Nostalgia. We use it as a means of eulogising about the past, and gushing over a sentimentality of the often cherry picked nuggets of historical joy. However, those nuggets are often torn from a whole rock face of mediocrity, banality and boredom. So when Hollywood takes a cult TV show like The A-Team, and turns it into a film, it is nostalgia that is the only reason I can fathom as to why people actually wrote anything remotely positive about this film, let alone made it. But, what has actually happened is that the film has reproduced all the worse bits of the TV show (of which there was a lot) and none of the all too rare good bits.
The film is one of a wave of ˜origin’ films that Hollywood is churning out (so much so that it is in danger of becoming a paradigm), and tells the story of how Hannibal (played by Liam Nesson), BA (Quinton Jackson), Face (Bradley Cooper) and Murdock (Sharlto Copley) got together, got framed for a crime they didn’t commit and then become the ˜A-team’. Their ˜crime’ (for which they were framed) involves stealing some plates that are use to print money. Once they have been busted out of jail in some of the most ludicrous ways imaginable, they set out trying to capture the people who framed them. I can’t really divulge the plot any more than that because, really, it doesn’t have one. The film tries to ˜explain’ the character traits which made the TV series popular, such as BA’s fear of flying, the fact that no-one ever dies, and their ability to make a turbo-charged super van with weapons-grade amour plating with only a paperclip and some sachets of ketchup. Perhaps it is this nostalgia for the original, which caused it to be made, let alone garner any positivity. But let’s not forget that the original A-Team TV series itself was equally mind-numbingly banal too. Sometimes, nostalgia is horrifically misplaced.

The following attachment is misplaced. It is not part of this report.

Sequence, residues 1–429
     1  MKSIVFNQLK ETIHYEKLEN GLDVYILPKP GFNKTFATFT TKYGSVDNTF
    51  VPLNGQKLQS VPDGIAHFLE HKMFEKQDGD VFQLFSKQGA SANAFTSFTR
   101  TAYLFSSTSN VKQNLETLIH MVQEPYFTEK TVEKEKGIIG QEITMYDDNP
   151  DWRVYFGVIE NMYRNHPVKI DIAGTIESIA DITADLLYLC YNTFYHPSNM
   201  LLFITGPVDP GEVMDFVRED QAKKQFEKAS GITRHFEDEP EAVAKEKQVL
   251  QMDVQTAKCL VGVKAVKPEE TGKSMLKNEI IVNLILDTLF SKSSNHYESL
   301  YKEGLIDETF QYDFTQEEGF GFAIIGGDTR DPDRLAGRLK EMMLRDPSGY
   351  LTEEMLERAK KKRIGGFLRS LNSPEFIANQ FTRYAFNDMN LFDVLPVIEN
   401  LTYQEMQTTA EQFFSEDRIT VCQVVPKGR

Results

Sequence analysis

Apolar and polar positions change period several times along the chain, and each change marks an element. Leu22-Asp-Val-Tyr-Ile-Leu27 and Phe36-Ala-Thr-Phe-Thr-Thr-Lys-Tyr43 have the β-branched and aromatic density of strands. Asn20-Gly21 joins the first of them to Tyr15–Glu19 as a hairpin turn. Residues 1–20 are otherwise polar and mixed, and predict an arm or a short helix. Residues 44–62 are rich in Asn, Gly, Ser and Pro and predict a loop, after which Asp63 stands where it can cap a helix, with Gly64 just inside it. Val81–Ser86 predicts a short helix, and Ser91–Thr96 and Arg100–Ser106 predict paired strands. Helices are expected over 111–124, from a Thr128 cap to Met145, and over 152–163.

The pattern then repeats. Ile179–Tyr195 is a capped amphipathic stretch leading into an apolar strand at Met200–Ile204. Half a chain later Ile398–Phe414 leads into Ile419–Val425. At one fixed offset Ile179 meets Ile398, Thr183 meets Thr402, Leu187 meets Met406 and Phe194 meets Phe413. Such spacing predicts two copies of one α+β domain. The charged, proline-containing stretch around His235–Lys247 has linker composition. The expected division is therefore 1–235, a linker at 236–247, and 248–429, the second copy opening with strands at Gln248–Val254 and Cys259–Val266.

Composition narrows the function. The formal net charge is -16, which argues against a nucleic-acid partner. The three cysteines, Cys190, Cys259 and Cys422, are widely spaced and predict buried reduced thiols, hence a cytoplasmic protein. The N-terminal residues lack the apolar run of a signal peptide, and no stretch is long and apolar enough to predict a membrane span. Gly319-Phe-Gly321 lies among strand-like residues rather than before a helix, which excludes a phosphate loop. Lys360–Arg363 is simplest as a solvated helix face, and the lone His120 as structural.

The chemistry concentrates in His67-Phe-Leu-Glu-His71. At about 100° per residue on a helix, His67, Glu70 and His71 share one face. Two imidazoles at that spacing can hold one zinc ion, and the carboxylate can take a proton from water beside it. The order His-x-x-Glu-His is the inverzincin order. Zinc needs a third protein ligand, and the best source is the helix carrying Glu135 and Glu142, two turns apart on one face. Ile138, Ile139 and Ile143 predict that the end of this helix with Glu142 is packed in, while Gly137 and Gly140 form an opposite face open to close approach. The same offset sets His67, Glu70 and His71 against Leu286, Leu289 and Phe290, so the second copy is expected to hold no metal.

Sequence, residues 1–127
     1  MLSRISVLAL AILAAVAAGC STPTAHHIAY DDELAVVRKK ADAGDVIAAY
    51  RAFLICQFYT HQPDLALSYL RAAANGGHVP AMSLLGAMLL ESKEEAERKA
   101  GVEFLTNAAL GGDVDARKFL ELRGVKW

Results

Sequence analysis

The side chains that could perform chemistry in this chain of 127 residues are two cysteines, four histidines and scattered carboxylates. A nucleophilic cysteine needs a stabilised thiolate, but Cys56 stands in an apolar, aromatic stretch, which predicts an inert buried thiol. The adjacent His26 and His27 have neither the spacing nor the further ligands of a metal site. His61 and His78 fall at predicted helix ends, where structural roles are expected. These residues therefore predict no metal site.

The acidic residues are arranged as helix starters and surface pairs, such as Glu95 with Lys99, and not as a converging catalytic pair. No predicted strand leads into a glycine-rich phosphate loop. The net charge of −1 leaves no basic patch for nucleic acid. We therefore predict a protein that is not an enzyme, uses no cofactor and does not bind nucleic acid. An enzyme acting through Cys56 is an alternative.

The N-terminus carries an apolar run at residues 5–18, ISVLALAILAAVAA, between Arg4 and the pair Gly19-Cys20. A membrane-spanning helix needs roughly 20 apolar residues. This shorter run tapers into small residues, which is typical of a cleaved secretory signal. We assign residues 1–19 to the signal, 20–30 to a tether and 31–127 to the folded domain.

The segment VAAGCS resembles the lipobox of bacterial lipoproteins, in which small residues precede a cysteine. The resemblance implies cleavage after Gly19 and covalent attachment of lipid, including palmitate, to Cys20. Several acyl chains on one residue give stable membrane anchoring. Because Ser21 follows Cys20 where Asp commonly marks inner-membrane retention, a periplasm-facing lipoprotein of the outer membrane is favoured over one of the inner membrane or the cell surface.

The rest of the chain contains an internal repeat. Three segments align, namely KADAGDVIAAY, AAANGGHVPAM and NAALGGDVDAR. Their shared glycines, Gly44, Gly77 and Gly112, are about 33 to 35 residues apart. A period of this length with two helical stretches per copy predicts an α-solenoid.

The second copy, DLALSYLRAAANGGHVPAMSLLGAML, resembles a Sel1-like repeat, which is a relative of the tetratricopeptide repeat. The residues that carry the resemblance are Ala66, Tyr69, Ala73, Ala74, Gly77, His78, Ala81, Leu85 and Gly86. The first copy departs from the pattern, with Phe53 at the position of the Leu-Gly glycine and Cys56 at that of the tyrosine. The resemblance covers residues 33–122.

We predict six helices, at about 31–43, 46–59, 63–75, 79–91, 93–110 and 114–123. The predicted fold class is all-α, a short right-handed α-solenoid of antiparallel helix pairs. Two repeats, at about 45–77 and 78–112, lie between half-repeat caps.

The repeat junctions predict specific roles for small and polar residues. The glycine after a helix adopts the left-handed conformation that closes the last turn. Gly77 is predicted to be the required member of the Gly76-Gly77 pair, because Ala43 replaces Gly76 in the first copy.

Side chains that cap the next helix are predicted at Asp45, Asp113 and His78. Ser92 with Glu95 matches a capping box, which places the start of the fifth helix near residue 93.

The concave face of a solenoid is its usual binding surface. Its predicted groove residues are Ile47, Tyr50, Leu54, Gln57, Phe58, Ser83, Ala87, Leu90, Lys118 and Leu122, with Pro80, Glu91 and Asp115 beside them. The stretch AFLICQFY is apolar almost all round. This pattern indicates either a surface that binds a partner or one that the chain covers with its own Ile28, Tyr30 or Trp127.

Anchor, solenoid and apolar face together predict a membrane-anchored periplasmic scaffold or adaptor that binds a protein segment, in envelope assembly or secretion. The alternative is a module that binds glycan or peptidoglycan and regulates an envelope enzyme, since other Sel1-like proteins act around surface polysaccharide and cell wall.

The cast look embarrassed to be there. Bradley Cooper appears to spend the whole film inexplicably topless. There’s also a Jessica Biel-shaped cut out which they seem to have animated, although not very well. The preposterous action scenes fly by in a whir of befuddlement that leave you frustratingly bored. The film tries to make some profundity of non-violence by using Ghandi quotes but then rather spoils this by destroying an entire container ship and murdering countless henchmen in the process. You’d laugh, if you hadn’t already sat through nearly two hours of repugnant absurdity. As third acts go, its one of the most amazingly terrible scenes I’ve ever had the misfortune to witness. So bad it’s good? No. It’s not even so bad it’s good and then bad again. It’s so bad that it implodes in upon itself in some endless paradoxical spiral of execrable carrion. The Room this is not.
The only positive I can think of is that the TV I was watching it on was getting hot which meant I could turn the thermostat down a bit and save me about £2.14 on heating costs. There was only one film that I ever walked out on and that was The League of Extraordinary Gentlemen, and if I didn’t feel after the first scene of The A-Team that I was going to pen this review, I would have walked away from this one too.